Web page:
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What is hindering Egypt’s modernization?

“A dollar per employee is the average annual human development budget for government personnel,” an Egyptian minister recently said. This statement sums up what truly stops Egypt from becoming a modernized country.

We are always concerned with upscaling the entire population, an almost impossible mission and one that is not required. What we really need to do is focus on advancing the knowledge of the most promising segments of society and empowering them to lead the country.

Egypt’s limited resources are shrinking while its population (estimated at 100 million, including overseas workers) is growing rapidly. Population growth is an argument that has been regularly used by consecutive Egyptian governments to justify our overall mediocrity and explain our national inadequacies.

The combination of reduced resources and exponential population growth has led Egyptian governments to resort to international grants and loans to cover our budget deficit. Although this complicates our challenges further, our governments have been unwilling to consider alternative economic policies.

With such a large population, continuing to distribute revenues among citizens while slightly favoring the poorer segment of the population leaves us living with a low numeric average. Instead, we need to invest in promising citizens who can help us increase our wealth and pay us back within a short timeframe, then move on to the next promising segment of society, and so on. This requires a radically different economic philosophy than the current one.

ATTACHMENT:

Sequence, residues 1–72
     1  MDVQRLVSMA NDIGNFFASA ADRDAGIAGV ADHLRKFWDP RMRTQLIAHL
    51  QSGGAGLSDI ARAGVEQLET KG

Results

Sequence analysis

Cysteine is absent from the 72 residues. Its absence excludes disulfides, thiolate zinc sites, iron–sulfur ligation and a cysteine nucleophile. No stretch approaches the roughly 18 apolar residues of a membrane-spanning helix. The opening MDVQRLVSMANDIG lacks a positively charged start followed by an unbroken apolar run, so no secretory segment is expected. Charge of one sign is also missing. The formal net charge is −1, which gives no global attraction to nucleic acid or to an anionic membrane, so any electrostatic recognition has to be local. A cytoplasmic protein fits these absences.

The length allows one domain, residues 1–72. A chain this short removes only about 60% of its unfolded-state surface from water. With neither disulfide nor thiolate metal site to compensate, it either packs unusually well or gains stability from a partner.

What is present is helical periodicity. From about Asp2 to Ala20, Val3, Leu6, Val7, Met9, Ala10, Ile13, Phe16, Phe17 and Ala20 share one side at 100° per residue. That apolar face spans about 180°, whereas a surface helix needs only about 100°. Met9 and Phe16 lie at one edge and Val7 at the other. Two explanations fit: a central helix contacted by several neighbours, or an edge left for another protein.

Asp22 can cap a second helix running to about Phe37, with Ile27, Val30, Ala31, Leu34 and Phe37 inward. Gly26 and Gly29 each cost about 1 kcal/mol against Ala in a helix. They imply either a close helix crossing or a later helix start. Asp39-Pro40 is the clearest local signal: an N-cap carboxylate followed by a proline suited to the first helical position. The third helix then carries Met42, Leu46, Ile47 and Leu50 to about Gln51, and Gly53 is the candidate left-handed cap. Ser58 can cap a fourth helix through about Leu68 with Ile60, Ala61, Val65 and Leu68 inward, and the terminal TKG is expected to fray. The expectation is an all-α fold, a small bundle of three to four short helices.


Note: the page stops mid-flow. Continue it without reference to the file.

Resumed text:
For decades, Egyptian governments have been managing our poverty, not working to eliminate it. Allocating extra resources and subsidies to poor people, getting more money out of wealthy citizens and demanding additional international loans will help the poor to better meet their basic needs, but it will not boost the economy. We can make better returns on our investments by giving the same amount of funds to business-oriented citizens and requiring them to employ poor citizens.

What we have been doing in Egypt for some time is renovating our assets and facilities. This is completely different than upscaling our country, which requires economic reforms driven by a progressive government.

Poverty is more a mental state than a physical one. Modernization requires a progressive mindset that relies less on resources and more on how to expand wealth and tackle challenges.

Mohammed Nosseir

The renovation approach applied over decades gives a false impression of development. As long as we do not tackle the core issue of our deficiency, we are simply wasting our resources. There is no need to train people who are either untrainable or resistant to all forms of development.

For years, we have wasted our energy and resources by sailing against the wind and complaining that the boat is not operating properly. Distributing national resources equally while favoring the poor is a policy of pleasing that segment of society, but it will never modernize Egypt. Human development issues should be tackled based on who has the ability and willingness to move the country forward, and a commitment to pay back their debt to it.

Poverty is more a mental state than a physical one. Modernization requires a progressive mindset that relies less on resources and more on how to expand wealth and tackle challenges.

So we must immediately appoint executives who can address our challenges intelligently, easily recognize government errors and work to correct them. Being governed by mediocre mindsets and poor polices — and continuing to defend both — are increasing our economic costs and distancing us from any genuine reform.

• Mohammed Nosseir, a liberal politician from Egypt, is a strong advocate of political participation and economic freedom. He can be reached on Twitter @MohammedNosseir.